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9 "Jiwon Shinn"
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Review Article
Diverse perspectives on remote collaborative care for chronic disease management
Seo Yeon Baik, Hakyoung Park, Jiwon Shinn, Hun-Sung Kim
Cardiovasc Prev Pharmacother. 2024;6(1):26-32.   Published online January 25, 2024
DOI: https://doi.org/10.36011/cpp.2024.6.e5
  • 176 View
  • 8 Download
Abstract PDF
Remote collaborative care is a program that improves medical services by linking local and remote physicians with residents in areas where access to medical facilities is limited, utilizing information and communication technology. As a result, patients can obtain medical advice and counseling at local hospitals without needing to travel to distant facilities. This care model involves communication between doctors, facilitating the accurate transfer of medical information and reducing the risk of misunderstandings. For instance, managing conditions such as blood pressure or blood glucose is more straightforward because a local hospital can assess the patient's status while a remote hospital simultaneously provides high-quality, specialized medical services. With the rise in poorly controlled hypertension or diabetes, the need for remote collaborative care has also increased. This care model enables local hospitals to maintain continuous patient care with the support of remote facilities. This is particularly true following acute cardiovascular treatment, where local hospitals, assisted by remote institutions, can safely offer high-quality services such as rehabilitation and follow-up care. Although remote hospitals have many advantages with the increasing number of patients, many difficulties remain in commercializing unsystematized remote collaborative care. Specifically, low reimbursements for medical services must be addressed, proper equipment is needed, more time and effort must be invested, and the liability issue must also be dealt with. Nevertheless, remote collaborative care using information and communication technology will be necessary in the future. Medical staff need to objectively examine the advantages and disadvantages of remote collaborative care from various perspectives and find ways to revitalize it.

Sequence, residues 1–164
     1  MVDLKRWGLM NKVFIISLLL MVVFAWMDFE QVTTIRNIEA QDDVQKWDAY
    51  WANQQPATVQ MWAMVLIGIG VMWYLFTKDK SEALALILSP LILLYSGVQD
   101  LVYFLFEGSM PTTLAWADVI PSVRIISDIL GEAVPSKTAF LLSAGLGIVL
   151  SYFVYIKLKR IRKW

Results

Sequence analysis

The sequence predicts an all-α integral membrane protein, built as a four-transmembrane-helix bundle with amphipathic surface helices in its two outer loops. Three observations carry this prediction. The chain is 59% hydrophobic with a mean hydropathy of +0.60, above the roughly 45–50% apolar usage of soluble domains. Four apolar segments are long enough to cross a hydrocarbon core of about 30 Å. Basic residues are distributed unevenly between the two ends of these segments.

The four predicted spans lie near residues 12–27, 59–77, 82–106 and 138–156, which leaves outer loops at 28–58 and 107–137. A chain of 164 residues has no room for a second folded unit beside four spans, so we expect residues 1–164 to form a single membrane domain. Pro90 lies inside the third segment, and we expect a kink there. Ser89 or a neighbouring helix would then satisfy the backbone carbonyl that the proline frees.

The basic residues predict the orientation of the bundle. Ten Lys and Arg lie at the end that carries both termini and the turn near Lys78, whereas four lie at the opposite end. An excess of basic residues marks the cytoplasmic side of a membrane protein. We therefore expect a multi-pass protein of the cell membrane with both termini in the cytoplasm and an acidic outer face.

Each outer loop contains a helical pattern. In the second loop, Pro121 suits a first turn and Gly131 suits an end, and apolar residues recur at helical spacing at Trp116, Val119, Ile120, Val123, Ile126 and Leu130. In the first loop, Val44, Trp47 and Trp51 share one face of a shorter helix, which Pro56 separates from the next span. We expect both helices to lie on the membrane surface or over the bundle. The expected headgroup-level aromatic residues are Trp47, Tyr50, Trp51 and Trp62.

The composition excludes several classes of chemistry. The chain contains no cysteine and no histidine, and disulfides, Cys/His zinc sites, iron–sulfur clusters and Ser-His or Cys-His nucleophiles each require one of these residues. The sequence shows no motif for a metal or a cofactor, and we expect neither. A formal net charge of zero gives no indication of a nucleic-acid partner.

Original Article
Current status of remote collaborative care for hypertension in medically underserved areas
Seo Yeon Baik, Kyoung Min Kim, Hakyoung Park, Jiwon Shinn, Hun-Sung Kim
Cardiovasc Prev Pharmacother. 2024;6(1):33-39.   Published online January 22, 2024
DOI: https://doi.org/10.36011/cpp.2024.6.e2
  • 215 View
  • 10 Download
Abstract PDF
Background
Remote collaborative care (ReCC) is a legally recognized form of telehealth that facilitates communication between physicians. This study aimed to analyze the effectiveness of ReCC services and establish a foundation for the usefulness and effectiveness of ReCC.
Methods
This retrospective cohort study utilized data from the Digital Healthcare Information System (DHIS) managed by the Korea Social Security Information Service. We extracted data on patients who were registered from January 2017 through September 2023 to investigate the effects of various factors.
Results
A total of 10,407 individuals participated in the remote collaborative consultation service provided by the DHIS. Of these participants, those aged ≥80 years represented 39.2% (4,085 patients), while those aged 70 to 79 years comprised 36.9% (3,838 patients). The conditions treated included hypertension, affecting 69.2% (7,203 patients), and diabetes, affecting 21.1% (2,201 patients). Although various measurement items were recorded, most data beyond blood pressure readings were missing, posing a challenge for analysis. Notably, there was a significant reduction in blood pressure that was sustained at follow-up intervals of 1, 3, 6, and 12 months post-baseline (all P<0.05).
Conclusions
Owing to the lack of data, follow-up assessments for conditions other than hypertension proved to be challenging. Medical staff should increase their focus on and engagement with the system. Remote consultations have demonstrated efficacy in managing hypertension in medically underserved areas, where access to healthcare services is often limited. This suggests the potential for expanded use of remote chronic care in the future.
Review Article
Using medical big data for clinical research and legal considerations for the protection of personal information: the double-edged sword